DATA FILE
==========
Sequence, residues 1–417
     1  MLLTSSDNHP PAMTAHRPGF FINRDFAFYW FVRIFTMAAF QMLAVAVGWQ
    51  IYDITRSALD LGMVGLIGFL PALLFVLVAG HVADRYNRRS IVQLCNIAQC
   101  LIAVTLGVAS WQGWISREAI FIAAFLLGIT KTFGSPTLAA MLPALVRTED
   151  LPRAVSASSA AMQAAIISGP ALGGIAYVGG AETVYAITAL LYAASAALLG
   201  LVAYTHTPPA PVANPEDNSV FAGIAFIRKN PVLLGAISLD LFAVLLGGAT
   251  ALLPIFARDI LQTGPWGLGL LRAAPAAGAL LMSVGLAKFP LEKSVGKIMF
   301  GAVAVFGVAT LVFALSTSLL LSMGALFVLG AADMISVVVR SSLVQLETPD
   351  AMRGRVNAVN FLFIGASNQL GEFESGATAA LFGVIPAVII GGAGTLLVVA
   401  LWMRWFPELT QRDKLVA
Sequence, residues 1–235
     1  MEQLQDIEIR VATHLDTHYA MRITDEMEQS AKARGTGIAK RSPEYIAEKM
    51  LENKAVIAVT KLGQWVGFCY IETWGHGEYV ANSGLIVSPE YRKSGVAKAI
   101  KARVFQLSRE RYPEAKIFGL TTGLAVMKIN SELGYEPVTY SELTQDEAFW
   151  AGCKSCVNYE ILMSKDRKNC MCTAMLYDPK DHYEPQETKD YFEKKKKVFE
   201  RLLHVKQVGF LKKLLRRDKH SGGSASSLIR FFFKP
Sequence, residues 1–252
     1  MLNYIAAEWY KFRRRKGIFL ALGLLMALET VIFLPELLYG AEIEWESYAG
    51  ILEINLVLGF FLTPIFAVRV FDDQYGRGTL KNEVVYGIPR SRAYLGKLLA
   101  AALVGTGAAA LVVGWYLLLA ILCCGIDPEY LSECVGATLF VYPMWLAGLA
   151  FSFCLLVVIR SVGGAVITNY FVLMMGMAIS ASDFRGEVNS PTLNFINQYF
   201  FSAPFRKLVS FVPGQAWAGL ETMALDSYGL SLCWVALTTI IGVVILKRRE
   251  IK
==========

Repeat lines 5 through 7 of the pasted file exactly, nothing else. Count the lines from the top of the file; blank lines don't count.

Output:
   151  LPRAVSASSA AMQAAIISGP ALGGIAYVGG AETVYAITAL LYAASAALLG
   201  LVAYTHTPPA PVANPEDNSV FAGIAFIRKN PVLLGAISLD LFAVLLGGAT
   251  ALLPIFARDI LQTGPWGLGL LRAAPAAGAL LMSVGLAKFP LEKSVGKIMF